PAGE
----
Huntington's disease

What is Huntington's disease?

Huntington's disease is a hereditary condition caused by a faulty gene in the DNA, which gradually stops parts of the brain from functioning. It can have a severe impact on a person’s abilities, affecting their coordination and movement, thinking behaviours and memory.

Most people can develop symptoms as early as age 30 but the disease progresses later in life. Huntington’s disease is terminal with its full course running between 10-30 years. If diagnosed with juvenile Huntington’s disease (under age 20), death typically occurs in about 10 years.

What are the symptoms of Huntington's disease?

The symptoms of Huntington’s disease can include:

  • muscle stiffness
  • difficult moving
  • alterations in posture and balance, stumbling and clumsiness
  • difficulty reading and writing  
  • difficulty swallowing and chewing
  • problems speaking and concentrating
  • memory loss
  • psychiatric disorders - depression, insomnia, thoughts about death and mania.

How is Huntington's disease inherited?

Huntington's disease is hereditary and the patient is only at risk of developing it if one of their parents has or had it. It can manifest in both men and women. There is a 50 per cent chance of developing the condition and a 50 per cent chance of never developing the condition if a parent has the gene. The affected person may have the disease gene but not know it until they start to develop the symptoms. Through genetic and neurological tests, it can be diagnosed whether the gene is present and how it will develop.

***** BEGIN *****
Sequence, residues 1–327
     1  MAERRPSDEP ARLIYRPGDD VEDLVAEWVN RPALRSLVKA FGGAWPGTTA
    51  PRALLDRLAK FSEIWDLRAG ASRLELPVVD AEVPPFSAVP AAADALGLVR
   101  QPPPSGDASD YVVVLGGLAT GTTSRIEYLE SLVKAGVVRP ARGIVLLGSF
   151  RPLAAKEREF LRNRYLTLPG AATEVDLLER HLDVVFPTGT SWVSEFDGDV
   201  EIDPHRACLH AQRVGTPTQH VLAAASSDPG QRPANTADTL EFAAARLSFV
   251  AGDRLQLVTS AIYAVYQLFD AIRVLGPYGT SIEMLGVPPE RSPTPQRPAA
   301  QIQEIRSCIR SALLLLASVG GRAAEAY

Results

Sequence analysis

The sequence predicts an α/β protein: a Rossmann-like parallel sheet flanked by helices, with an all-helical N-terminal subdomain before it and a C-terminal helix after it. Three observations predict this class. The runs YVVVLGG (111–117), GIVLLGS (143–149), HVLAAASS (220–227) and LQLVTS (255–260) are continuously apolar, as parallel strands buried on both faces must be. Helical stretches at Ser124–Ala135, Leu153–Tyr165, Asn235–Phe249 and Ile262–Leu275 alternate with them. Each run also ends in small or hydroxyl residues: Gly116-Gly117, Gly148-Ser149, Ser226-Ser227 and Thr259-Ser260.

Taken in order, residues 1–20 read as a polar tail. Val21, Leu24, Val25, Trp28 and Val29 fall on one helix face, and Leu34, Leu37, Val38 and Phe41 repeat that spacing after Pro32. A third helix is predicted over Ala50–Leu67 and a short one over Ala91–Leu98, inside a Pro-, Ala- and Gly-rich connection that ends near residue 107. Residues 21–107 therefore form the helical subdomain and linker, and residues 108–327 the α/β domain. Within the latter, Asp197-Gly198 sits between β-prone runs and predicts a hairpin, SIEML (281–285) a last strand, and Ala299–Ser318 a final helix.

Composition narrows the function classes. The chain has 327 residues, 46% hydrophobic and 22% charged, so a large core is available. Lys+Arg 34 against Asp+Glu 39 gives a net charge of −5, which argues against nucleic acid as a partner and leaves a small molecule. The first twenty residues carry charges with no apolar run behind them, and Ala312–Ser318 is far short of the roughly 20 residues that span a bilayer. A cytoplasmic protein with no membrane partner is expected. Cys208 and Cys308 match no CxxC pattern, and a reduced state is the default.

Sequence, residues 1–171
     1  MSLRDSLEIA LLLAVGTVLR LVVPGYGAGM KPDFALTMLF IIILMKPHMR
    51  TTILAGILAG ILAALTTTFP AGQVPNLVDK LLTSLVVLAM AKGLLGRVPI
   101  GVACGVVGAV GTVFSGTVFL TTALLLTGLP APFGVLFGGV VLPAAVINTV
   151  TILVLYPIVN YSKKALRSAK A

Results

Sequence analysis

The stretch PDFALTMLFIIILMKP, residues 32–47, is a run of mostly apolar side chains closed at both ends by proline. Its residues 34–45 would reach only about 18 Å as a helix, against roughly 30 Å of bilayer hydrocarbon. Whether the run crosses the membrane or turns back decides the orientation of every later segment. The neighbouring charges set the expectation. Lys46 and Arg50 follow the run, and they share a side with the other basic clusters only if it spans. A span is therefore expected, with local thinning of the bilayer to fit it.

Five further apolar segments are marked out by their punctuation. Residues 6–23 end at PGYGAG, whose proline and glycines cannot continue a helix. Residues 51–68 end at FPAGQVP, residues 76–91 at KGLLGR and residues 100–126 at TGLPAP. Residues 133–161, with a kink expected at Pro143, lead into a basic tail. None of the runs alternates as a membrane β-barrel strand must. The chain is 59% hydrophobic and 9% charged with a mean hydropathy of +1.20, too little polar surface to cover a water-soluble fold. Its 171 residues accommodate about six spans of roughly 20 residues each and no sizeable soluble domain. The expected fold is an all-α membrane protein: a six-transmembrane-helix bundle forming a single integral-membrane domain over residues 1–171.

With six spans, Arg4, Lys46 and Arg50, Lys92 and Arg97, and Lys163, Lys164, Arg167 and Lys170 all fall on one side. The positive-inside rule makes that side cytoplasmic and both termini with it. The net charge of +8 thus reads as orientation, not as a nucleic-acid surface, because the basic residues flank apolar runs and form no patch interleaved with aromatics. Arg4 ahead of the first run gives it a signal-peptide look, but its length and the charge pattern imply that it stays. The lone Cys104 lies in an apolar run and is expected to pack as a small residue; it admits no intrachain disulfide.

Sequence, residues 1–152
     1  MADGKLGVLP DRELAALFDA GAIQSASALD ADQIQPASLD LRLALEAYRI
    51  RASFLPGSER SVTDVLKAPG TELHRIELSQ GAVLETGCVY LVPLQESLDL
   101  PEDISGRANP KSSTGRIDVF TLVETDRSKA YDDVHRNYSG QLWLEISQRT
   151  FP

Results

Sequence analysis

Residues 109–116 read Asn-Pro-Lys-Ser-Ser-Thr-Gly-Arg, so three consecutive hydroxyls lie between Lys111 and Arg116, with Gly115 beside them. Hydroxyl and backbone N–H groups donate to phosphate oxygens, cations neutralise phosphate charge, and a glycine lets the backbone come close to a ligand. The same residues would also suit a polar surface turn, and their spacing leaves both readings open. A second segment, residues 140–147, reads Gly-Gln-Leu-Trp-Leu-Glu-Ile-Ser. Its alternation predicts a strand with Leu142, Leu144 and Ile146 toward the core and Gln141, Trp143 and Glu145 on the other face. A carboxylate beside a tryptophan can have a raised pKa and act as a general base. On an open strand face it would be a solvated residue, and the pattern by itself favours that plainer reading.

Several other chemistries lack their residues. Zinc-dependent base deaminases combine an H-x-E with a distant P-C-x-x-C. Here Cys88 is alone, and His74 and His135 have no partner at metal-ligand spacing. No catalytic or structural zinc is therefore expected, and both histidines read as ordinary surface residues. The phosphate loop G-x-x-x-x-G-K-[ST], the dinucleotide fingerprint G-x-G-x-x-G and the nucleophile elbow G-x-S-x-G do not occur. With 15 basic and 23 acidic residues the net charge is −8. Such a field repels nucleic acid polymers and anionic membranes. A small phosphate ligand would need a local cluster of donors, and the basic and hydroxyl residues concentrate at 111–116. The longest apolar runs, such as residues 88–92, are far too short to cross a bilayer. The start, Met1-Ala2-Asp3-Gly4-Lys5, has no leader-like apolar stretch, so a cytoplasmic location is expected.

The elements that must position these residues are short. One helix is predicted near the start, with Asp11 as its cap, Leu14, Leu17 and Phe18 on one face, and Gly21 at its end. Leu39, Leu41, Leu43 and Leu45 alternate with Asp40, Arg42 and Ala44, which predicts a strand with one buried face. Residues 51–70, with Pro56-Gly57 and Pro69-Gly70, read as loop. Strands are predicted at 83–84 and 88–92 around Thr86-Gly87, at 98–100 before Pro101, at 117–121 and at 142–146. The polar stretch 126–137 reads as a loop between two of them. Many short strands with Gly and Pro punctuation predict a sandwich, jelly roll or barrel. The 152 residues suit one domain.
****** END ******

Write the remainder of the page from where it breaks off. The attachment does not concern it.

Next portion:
Can Huntington's disease be prevented?

Although the cause of the disease can be diagnosed even before suffering from it, there is currently no way to prevent its occurrence or the degenerative deterioration that follows. Early detection may be useful to better adapt to the situation.

How is Huntington's disease treated?

Huntington's disease cannot be stopped. Specialists will prescribe treatments to control the symptoms through the use of certain medications. Support can help reduce problems such as depression, physiotherapy can help with movement and balance, and speech and language therapy is beneficial for feeding and communication difficulties.

Can Huntington’s disease be cured?

There is currently no cure for Huntington’s disease.

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